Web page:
When Broad City premiered in 2014, I had no idea how it could possibly end. Abbi and Ilana had a perfect friendship. Living in a big city could never get boring. Friends would always be priority one, and the terrible job and romantic and life experiences would always be a footnote to what really matters: fun. Broad City was a dream world that also somehow reflected the dreams of myself and my friends. I was so excited to watch a world that could never, ever in any way change.
Which, as we know, is an impossible feat. Change is the only thing we can rely on, and nobody wants to watch a show about anyone who doesn’t grow. Fortunately, Abbi and Ilana and Broad City grew and grew. Characters evolved, storylines changed, and last night, our beloved heroines parted ways to begin the next chapter of their lives – something that seemed impossible only five years ago.
But it always seems impossible. In 2014, I thought my life would consistently be a narrative defined by the adventures of my friends and myself, and that the stakes would always be low because our dreams and goals would always seem worlds away. I couldn’t imagine not wanting to go out, not having my life defined by my best girlfriends, or by hours spent talking about what we’d just spent talking about in person hours before. And then time passes, and you change, and your goals change, and your friendship dynamics change, and none of it is worse, but it is certainly different.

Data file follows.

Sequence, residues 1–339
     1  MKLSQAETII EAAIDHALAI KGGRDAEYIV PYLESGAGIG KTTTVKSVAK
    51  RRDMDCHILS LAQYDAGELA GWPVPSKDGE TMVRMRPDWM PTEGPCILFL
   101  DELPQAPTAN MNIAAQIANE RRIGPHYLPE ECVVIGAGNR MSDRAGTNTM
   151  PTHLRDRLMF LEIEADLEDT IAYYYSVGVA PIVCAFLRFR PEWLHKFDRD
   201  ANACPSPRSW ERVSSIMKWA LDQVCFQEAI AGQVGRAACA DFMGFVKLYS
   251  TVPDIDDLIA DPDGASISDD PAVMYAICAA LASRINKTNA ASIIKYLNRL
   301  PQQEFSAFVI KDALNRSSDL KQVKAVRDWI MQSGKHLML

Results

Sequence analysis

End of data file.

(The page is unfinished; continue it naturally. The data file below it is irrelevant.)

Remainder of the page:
Whether that’s good or bad, I’m not sure. I’d love to write about how I’m so much better now that I don’t want to do 100% of the things I did in 2014, but at the same time, those memories and moments were important to me and are responsible for morphing me into the person I am now. Also, sometimes being older straight-up sucks: when the stakes are high or when dreams come true, that’s a lot of pressure. When friends move away, it’s lonely and you miss them. When change happens – in any way, shape or form – that’s terrifying. All of it is necessary, but is it good? Okay, fine. But the pain of growth can still feel bad, and I think it’s important to honour that.
Which is why the way Broad City ended was perfect. I didn’t want to see Abbi and Ilana say goodbye, but they had to – much like we’ve all said goodbye to people we love because that’s the way life works. And then, when the pain of the immediate “I miss them!” wears off, we forge ahead and create new paths in brand new worlds and realize that despite being different than the people we used to be, there’s still room for those who matter to us; that distance is arbitrary and true friendship transcends and while our priorities may shift and change, those friendships will sustain us. And they will keep us alive. And they will keep us warm. No matter how different we and the worlds we live in look over time.